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Nat Struct Mol Biol. 2015 Mar;22(3):185-91. doi: 10.1038/nsmb.2957. Epub 2015 Jan 26.

Tracking replication enzymology in vivo by genome-wide mapping of ribonucleotide incorporation.

Author information

1
Genome Integrity &Structural Biology Laboratory, National Institute of Environmental Health Sciences, National Institute of Health (NIH), Research Triangle Park, North Carolina, USA.
2
Integrative Bioinformatics, National Institute of Environmental Health Sciences, NIH, Research Triangle Park, North Carolina, USA.
3
Department of Genetics, High Throughput Sequencing Facility, University of North Carolina, Chapel Hill, North Carolina, USA.
4
Center for Genomics and Systems Biology, Department of Biology, New York University, New York, New York, USA.

Abstract

Ribonucleotides are frequently incorporated into DNA during replication in eukaryotes. Here we map genome-wide distribution of these ribonucleotides as markers of replication enzymology in budding yeast, using a new 5' DNA end-mapping method, hydrolytic end sequencing (HydEn-seq). HydEn-seq of DNA from ribonucleotide excision repair-deficient strains reveals replicase- and strand-specific patterns of ribonucleotides in the nuclear genome. These patterns support the roles of DNA polymerases α and δ in lagging-strand replication and of DNA polymerase ɛ in leading-strand replication. They identify replication origins, termination zones and variations in ribonucleotide incorporation frequency across the genome that exceed three orders of magnitude. HydEn-seq also reveals strand-specific 5' DNA ends at mitochondrial replication origins, thus suggesting unidirectional replication of a circular genome. Given the conservation of enzymes that incorporate and process ribonucleotides in DNA, HydEn-seq can be used to track replication enzymology in other organisms.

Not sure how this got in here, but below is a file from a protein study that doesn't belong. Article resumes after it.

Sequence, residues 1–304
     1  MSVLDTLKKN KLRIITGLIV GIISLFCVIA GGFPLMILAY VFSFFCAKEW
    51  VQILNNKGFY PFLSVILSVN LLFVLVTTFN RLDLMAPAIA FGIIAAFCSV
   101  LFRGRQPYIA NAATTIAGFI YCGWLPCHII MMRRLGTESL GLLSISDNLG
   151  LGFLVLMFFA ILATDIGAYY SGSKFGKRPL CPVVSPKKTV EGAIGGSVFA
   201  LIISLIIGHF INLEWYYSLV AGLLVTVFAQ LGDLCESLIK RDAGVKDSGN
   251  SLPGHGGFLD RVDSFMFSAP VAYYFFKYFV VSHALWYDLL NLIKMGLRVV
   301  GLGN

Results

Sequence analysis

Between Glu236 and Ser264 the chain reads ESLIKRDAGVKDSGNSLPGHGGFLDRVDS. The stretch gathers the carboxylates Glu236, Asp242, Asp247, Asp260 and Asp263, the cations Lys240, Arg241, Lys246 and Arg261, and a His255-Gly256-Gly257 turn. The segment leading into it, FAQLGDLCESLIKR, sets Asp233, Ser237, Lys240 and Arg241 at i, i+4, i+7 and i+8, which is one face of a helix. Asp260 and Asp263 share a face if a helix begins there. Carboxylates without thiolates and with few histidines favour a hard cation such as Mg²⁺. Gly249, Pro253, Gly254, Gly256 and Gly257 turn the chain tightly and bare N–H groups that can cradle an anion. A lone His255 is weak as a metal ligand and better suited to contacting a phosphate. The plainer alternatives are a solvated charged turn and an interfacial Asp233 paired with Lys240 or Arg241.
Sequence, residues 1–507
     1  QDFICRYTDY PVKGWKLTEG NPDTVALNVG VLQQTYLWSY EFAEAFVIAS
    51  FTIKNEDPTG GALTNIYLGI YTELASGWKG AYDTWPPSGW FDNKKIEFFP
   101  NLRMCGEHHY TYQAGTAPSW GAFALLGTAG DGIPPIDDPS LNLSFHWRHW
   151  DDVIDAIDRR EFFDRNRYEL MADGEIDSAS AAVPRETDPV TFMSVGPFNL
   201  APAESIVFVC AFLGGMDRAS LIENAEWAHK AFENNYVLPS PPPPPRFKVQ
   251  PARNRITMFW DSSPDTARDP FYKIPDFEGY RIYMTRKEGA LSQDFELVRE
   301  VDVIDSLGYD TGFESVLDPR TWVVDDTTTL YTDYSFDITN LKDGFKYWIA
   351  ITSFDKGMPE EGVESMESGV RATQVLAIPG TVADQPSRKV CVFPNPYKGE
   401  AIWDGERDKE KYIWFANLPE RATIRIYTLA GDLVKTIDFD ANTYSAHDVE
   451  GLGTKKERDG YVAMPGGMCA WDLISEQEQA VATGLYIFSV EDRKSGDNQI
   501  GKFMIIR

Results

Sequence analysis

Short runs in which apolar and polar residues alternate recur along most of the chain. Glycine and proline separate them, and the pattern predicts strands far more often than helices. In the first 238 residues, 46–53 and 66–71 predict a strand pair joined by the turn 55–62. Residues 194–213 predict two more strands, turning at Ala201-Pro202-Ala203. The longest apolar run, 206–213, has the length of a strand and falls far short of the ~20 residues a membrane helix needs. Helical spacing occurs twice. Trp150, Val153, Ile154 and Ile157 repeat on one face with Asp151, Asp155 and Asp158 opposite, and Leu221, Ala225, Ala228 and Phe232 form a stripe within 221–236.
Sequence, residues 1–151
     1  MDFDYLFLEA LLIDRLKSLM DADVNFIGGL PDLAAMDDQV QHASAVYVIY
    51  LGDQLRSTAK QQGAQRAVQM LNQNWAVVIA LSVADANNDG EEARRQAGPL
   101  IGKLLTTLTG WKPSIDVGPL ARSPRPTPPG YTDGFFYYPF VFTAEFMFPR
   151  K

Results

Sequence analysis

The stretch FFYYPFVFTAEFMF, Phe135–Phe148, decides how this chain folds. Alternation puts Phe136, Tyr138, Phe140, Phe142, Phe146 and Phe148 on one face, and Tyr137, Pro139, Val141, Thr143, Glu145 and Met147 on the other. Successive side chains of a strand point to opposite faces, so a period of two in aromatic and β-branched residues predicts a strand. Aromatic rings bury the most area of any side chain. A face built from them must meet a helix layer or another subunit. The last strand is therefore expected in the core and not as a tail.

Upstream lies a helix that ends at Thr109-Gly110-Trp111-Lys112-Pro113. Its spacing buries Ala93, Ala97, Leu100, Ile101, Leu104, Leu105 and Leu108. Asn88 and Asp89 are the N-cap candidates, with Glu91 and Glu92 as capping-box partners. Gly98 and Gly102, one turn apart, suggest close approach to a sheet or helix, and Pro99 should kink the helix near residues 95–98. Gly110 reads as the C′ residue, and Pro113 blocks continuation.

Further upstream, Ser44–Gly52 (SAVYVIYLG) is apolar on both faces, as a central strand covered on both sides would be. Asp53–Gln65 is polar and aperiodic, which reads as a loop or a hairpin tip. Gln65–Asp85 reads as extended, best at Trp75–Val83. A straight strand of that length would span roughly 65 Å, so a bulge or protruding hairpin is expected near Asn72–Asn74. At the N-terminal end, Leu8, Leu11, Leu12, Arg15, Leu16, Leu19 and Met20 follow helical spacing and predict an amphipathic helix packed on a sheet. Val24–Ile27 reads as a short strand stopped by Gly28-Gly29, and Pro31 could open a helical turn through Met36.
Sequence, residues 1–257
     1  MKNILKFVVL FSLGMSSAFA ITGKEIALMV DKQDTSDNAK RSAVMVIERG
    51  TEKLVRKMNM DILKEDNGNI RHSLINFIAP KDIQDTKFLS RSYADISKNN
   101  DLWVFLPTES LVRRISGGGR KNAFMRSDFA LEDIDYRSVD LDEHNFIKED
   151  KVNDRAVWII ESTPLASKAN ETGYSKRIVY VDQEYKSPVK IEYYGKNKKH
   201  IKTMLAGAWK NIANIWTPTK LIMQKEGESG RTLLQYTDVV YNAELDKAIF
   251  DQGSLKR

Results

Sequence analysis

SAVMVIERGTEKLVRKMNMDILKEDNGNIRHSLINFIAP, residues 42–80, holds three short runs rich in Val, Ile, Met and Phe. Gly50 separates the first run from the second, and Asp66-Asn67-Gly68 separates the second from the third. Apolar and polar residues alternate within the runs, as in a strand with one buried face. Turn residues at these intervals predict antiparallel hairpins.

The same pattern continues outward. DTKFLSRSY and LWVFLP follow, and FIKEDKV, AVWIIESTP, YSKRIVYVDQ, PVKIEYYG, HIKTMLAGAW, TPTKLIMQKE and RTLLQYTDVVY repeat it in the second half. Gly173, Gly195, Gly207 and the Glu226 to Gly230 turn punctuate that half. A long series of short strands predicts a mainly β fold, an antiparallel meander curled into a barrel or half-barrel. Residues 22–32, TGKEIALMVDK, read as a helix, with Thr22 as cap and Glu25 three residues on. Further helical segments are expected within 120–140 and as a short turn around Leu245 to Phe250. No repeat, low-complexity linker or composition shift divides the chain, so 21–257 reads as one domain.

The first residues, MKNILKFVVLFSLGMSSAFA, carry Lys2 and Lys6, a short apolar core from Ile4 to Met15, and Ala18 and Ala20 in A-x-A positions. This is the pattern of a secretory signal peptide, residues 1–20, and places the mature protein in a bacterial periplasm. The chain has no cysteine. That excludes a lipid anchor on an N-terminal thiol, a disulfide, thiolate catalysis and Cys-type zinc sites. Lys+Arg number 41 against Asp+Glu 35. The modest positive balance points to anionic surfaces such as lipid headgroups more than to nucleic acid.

PMID:
25622295
PMCID:
PMC4351163
DOI:
10.1038/nsmb.2957
[Indexed for MEDLINE]
Free PMC Article

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